Synopses & Reviews
Indonesian court dance, a purportedly pure and untouched tradition, is famed throughout the world for its sublime calm and stillness. Yet this unyieldingly peaceful surface conceals a time of political repression and mass killing. Between 1965 and 1966, some one million Indonesians—including a large percentage of the country’s musicians, artists, and dancers—were killed, arrested, or disappeared as Suharto established a virtual dictatorship that ruled for the next thirty years.
In The Dance That Makes You Vanish, an examination of the relationship between female dancers and the Indonesian state since 1965, Rachmi Diyah Larasati elucidates the Suharto regime’s dual-edged strategy: persecuting and killing performers perceived as communist or left leaning while simultaneously producing and deploying “replicas”—new bodies trained to standardize and unify the “unruly” movements and voices of those vanished—as idealized representatives of Indonesia’s cultural elegance and composure in bowing to autocratic rule. Analyzing this history, Larasati shows how the Suharto regime’s obsessive attempts to control and harness Indonesian dance for its own political ends have functioned as both smoke screen and smoke signal, inadvertently drawing attention to the site of state violence and criminality by constantly pointing out the “perfection” of the mask that covers it.
Reflecting on her own experiences as an Indonesian national troupe dancer from a family of persecuted female dancers and activists, Larasati brings to life a powerful, multifaceted investigation of the pervasive use of culture as a vehicle for state repression and the global mass-marketing of national identity.
"Women’s bodies, dancing bodies: in this haunting book, they lead us to political terror and its erasure in safely contained cultural performance. The ghosts of dancers killed in state-sponsored anti-communist frenzy shimmer before us, their movements precisely replicated by their state-cleansed replacements. Memoir here winds in and out of cultural critique; we are led up to that vanishing point where power and violence tear their way into the heart." —Anna Tsing, author of Friction: An Ethnography of Global Connection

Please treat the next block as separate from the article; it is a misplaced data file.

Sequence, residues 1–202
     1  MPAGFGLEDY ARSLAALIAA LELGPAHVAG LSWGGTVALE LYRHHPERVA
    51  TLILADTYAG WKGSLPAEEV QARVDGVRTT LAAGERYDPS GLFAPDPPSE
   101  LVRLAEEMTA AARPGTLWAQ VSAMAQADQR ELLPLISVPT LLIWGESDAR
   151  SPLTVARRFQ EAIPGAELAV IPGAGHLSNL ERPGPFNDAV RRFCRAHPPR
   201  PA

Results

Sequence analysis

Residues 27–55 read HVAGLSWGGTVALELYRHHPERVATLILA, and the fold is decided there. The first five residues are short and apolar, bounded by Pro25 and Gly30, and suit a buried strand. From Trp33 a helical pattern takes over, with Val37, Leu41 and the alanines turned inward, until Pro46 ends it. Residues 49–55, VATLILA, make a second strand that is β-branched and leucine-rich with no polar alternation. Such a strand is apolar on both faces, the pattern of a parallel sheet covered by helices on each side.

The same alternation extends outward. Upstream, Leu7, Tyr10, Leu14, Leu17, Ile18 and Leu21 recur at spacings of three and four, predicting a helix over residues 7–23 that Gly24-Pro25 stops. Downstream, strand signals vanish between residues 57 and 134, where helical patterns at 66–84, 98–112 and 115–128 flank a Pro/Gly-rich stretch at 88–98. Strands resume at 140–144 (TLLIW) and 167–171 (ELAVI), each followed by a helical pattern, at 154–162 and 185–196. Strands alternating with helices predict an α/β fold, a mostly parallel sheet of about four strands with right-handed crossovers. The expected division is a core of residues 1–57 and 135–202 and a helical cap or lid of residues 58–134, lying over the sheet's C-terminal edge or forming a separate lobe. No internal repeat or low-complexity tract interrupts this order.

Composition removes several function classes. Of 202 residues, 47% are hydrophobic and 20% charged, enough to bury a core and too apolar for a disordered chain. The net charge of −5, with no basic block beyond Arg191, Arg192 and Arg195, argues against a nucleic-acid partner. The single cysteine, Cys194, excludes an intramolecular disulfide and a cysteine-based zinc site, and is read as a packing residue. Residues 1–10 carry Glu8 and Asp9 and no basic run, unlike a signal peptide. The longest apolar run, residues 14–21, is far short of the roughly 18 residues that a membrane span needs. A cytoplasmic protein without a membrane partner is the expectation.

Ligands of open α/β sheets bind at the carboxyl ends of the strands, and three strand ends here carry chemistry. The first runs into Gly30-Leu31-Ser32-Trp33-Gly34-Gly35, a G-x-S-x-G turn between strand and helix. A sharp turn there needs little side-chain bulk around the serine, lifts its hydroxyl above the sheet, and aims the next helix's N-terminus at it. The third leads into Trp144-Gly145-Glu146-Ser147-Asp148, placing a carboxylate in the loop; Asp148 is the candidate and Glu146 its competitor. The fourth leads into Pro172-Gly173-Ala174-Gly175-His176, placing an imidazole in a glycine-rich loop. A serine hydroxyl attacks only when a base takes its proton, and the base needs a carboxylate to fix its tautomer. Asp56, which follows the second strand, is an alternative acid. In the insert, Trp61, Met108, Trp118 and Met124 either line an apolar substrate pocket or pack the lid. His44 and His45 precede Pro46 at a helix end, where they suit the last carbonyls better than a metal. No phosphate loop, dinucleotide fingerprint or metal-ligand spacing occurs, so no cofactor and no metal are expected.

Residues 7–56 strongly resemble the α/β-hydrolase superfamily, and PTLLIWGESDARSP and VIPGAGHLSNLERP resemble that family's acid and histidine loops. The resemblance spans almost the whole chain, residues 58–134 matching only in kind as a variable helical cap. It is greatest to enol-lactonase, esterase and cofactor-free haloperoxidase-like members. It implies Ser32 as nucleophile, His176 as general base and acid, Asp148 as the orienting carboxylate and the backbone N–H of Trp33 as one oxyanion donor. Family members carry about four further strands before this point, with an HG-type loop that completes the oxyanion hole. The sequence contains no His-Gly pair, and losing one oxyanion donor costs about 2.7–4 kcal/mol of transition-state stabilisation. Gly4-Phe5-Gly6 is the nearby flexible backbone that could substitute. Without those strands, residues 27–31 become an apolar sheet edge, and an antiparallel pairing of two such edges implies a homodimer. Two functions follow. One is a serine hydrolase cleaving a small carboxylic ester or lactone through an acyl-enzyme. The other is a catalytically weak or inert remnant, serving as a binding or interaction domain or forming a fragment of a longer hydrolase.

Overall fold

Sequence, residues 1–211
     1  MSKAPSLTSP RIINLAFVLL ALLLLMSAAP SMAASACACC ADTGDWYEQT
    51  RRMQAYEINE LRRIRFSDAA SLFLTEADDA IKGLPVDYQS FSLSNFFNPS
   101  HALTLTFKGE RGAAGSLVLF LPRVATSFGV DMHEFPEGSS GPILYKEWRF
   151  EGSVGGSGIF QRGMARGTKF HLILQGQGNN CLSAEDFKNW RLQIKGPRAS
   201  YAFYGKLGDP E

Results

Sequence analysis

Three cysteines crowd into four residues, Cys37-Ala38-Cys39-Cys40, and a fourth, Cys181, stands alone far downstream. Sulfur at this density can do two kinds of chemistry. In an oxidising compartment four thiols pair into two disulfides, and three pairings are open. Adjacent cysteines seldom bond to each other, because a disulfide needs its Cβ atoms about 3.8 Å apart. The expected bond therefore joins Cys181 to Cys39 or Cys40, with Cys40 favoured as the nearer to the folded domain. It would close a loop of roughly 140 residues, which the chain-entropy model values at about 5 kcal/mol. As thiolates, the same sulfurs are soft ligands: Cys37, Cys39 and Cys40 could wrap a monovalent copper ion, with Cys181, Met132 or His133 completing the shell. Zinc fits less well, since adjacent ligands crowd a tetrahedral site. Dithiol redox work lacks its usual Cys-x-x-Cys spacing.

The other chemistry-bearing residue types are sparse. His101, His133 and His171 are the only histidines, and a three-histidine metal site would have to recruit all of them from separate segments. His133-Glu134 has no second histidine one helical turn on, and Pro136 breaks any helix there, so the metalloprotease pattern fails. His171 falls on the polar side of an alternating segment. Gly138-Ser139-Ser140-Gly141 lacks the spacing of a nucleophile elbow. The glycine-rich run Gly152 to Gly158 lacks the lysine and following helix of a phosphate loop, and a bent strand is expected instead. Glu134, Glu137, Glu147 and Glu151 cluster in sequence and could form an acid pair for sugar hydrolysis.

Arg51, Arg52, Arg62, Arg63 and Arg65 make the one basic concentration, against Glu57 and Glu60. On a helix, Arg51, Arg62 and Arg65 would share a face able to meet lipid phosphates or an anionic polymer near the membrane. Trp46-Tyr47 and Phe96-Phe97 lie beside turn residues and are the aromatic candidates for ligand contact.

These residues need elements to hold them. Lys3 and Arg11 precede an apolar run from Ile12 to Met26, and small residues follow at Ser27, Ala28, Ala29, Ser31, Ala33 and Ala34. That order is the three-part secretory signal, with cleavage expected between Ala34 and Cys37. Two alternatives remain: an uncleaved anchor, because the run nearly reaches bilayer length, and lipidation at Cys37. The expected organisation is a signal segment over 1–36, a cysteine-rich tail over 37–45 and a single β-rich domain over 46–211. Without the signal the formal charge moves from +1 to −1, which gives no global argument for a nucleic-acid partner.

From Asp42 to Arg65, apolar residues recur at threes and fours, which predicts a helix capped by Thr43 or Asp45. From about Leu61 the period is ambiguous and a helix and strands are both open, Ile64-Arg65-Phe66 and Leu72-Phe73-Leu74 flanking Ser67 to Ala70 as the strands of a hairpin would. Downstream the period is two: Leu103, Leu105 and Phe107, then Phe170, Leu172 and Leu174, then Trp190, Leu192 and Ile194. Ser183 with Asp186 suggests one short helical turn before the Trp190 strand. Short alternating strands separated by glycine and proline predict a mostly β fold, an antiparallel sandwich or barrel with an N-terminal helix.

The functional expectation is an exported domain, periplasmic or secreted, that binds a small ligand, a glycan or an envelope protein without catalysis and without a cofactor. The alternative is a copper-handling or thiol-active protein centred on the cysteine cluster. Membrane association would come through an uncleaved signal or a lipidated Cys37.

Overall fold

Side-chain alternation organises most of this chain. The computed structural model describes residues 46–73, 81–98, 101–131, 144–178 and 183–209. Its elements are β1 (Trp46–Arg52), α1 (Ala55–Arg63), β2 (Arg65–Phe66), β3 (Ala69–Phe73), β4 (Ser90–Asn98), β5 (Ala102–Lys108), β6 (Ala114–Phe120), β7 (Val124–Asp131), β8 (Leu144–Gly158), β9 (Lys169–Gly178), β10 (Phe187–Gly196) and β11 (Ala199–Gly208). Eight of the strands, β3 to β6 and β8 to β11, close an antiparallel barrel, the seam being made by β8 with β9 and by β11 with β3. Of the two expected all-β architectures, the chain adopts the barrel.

"This is an extraordinary book, one which will need to be read by anyone interested in Indonesian cultural history, dance and performance studies, postcolonial studies, and feminist globalization studies. It is a milestone in so many ways: I do not know of any book which so compellingly dissects the use of dance and politics from both inside and out." —Fatimah Tobing Rony, author of The Third Eye: Race, Cinema, and Ethnographic Spectacle
Indonesian court dance is famed for its sublime calm and stillness, yet this peaceful surface conceals a time of political repression and mass killing. Rachmi Diyah Larasati reflects on her own experiences as an Indonesian national troupe dancer from a family of persecuted female dancers and activists, examining the relationship between female dancers and the Indonesian state since 1965.
About the Author
Rachmi Diyah Larasati is assistant professor of cultural theory, critical studies, and dance history in the department of Theatre Arts and Dance at the University of Minnesota. She also holds an affiliate graduate faculty position there in the Department of Gender, Women, and Sexuality Studies and is a former guest faculty at the Brown University Critical Global Humanities Research Institute.
Table of Contents
Introduction: Dancing on the Mass Grave
1. To Remember Differently: Paradoxical Statehood and Preserved Value
2. What Is Left: The Fabricated and the Illicit
3. Historicizing Violence: Memory and the Transmission of the Aesthetic
4. Staging Alliances: Cambodia as Cultural Mirror
5.Violence and Mobility: Autoethnography of Coming and Going